Being and Nothingness is without doubt one of the most significant books of the twentieth century. The central work by one of the world's most influential thinkers, it altered the course of western philosophy. Its revolutionary approach challenged all previous assumptions about the individual's relationship with the world. Known as 'the Bible of existentialism', its impact on culture and literature was immediate and was felt worldwide, from the absurd drama of Samuel Beckett to the soul-searching cries of the Beat poets.
Being and Nothingness is one of those rare books whose influence has affected the mind-set of subsequent generations. Sixty years after its first publication, its message remains as potent as ever - challenging the reader to confront the fundamental dilemmas of human freedom, responsibility and action.
'A fascinating and intriguing work providing a full-blown metaphysic backed by, and at the same time providing the basis for, a complete theory of man.' - Times Literary Supplement
'Full of fascinating and profound analyses of human devices and desires.' - Iris Murdoch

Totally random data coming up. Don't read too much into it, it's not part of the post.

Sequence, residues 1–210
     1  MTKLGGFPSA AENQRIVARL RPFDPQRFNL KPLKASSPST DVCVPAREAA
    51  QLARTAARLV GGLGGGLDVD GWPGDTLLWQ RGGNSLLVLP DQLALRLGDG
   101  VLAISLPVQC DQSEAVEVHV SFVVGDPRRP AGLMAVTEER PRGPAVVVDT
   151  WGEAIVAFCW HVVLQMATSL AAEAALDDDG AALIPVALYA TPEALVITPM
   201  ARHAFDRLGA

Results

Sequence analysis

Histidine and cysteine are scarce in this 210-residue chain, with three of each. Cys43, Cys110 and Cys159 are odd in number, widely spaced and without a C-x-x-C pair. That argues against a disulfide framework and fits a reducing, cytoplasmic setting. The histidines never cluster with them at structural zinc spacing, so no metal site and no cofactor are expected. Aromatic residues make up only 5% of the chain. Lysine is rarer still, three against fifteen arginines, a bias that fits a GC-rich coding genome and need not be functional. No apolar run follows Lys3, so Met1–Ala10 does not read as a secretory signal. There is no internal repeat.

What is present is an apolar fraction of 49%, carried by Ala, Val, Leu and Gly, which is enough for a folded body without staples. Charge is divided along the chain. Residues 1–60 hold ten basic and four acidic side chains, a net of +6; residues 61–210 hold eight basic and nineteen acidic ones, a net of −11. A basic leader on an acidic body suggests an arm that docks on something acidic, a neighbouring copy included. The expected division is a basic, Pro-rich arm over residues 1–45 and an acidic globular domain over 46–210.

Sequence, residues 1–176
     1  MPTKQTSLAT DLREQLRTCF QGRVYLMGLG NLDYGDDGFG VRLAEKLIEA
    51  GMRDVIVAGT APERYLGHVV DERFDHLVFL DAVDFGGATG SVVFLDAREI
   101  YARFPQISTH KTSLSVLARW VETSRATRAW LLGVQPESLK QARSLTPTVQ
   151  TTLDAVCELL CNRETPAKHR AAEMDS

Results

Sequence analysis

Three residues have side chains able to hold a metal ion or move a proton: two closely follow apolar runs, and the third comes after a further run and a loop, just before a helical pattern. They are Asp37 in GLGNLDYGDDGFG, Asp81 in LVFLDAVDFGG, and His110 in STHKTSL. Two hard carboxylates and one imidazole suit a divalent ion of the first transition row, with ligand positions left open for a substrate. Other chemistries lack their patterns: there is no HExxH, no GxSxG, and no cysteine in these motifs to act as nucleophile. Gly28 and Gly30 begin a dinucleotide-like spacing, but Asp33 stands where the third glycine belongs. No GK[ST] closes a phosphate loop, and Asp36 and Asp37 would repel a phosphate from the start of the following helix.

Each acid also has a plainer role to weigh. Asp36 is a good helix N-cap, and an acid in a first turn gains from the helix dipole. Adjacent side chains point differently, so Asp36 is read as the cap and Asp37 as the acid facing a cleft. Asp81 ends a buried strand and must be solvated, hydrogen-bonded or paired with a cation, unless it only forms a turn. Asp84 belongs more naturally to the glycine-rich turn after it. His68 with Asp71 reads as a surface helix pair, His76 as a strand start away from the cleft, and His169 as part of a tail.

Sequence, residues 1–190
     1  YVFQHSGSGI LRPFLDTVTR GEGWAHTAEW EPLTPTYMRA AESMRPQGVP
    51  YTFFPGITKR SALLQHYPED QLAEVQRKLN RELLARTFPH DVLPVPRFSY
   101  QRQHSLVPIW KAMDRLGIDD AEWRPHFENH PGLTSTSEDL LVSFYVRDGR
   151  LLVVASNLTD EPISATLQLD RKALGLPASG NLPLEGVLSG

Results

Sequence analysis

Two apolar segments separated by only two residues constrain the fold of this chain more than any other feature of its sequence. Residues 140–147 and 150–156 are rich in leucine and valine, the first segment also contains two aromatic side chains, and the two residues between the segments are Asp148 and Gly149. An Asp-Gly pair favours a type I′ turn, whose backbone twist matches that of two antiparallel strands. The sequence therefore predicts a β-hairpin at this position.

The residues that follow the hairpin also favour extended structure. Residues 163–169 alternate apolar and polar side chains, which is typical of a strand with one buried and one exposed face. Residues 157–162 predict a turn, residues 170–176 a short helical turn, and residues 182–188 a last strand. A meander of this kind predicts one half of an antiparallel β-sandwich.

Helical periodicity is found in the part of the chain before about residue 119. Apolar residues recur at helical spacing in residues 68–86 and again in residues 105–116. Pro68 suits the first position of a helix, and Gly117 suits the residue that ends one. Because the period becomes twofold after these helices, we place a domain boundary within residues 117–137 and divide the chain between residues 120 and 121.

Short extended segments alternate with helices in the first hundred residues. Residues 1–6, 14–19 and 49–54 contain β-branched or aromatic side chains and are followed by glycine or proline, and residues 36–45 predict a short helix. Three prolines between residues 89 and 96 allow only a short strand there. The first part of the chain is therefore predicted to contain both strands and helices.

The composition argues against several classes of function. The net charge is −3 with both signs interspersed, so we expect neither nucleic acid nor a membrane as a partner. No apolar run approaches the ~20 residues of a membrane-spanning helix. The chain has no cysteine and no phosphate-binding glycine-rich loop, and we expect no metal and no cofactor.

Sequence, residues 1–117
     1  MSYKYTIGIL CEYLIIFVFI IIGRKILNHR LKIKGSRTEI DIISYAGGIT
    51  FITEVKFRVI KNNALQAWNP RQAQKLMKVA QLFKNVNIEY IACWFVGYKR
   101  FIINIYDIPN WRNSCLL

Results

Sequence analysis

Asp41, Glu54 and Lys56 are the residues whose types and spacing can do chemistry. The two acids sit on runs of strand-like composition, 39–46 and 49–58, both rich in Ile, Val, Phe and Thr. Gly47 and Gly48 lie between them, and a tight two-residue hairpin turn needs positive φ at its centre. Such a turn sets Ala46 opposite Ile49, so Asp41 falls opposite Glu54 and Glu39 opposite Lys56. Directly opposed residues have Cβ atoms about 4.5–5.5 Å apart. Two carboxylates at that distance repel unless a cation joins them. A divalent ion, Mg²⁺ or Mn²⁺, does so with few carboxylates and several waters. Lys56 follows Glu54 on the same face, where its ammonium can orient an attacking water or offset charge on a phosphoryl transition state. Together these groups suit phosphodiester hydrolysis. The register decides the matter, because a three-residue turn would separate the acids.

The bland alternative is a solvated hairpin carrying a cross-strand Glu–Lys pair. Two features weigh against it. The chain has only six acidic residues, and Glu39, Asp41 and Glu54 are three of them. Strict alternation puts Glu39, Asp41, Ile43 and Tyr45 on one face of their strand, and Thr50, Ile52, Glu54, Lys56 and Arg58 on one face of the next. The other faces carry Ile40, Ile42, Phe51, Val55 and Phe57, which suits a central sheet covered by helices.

'Being and Nothingness is a philosophical masterpiece, and a document of what life in the twentieth century was about. It is rare for a work to present such exquisitely abstract thought made vivid through examples imagined by a great novelist.' - Arthur C. Danto, Columbia University
'Rooted in the tragic circumstance of war and occupation, profoundly marked by Heidegger yet also written against him, Sartre's treatise remains a classic. What accounted for the impact of the work on successive generations was the tension between philosophic argument, social insight and the genius for narrative, for the concrete particular, distinctive of Sartre.' - George Steiner
'Being and Nothingness is a magnificently imaginative redescription of the human situation. Sartre follows up on leads provided by Hegel and Heidegger in order to replace the Platonic/Aristotelian account of human beings as primarily knowers with a neo-Nietzschean conception of humans as self-creators.' - Richard Rorty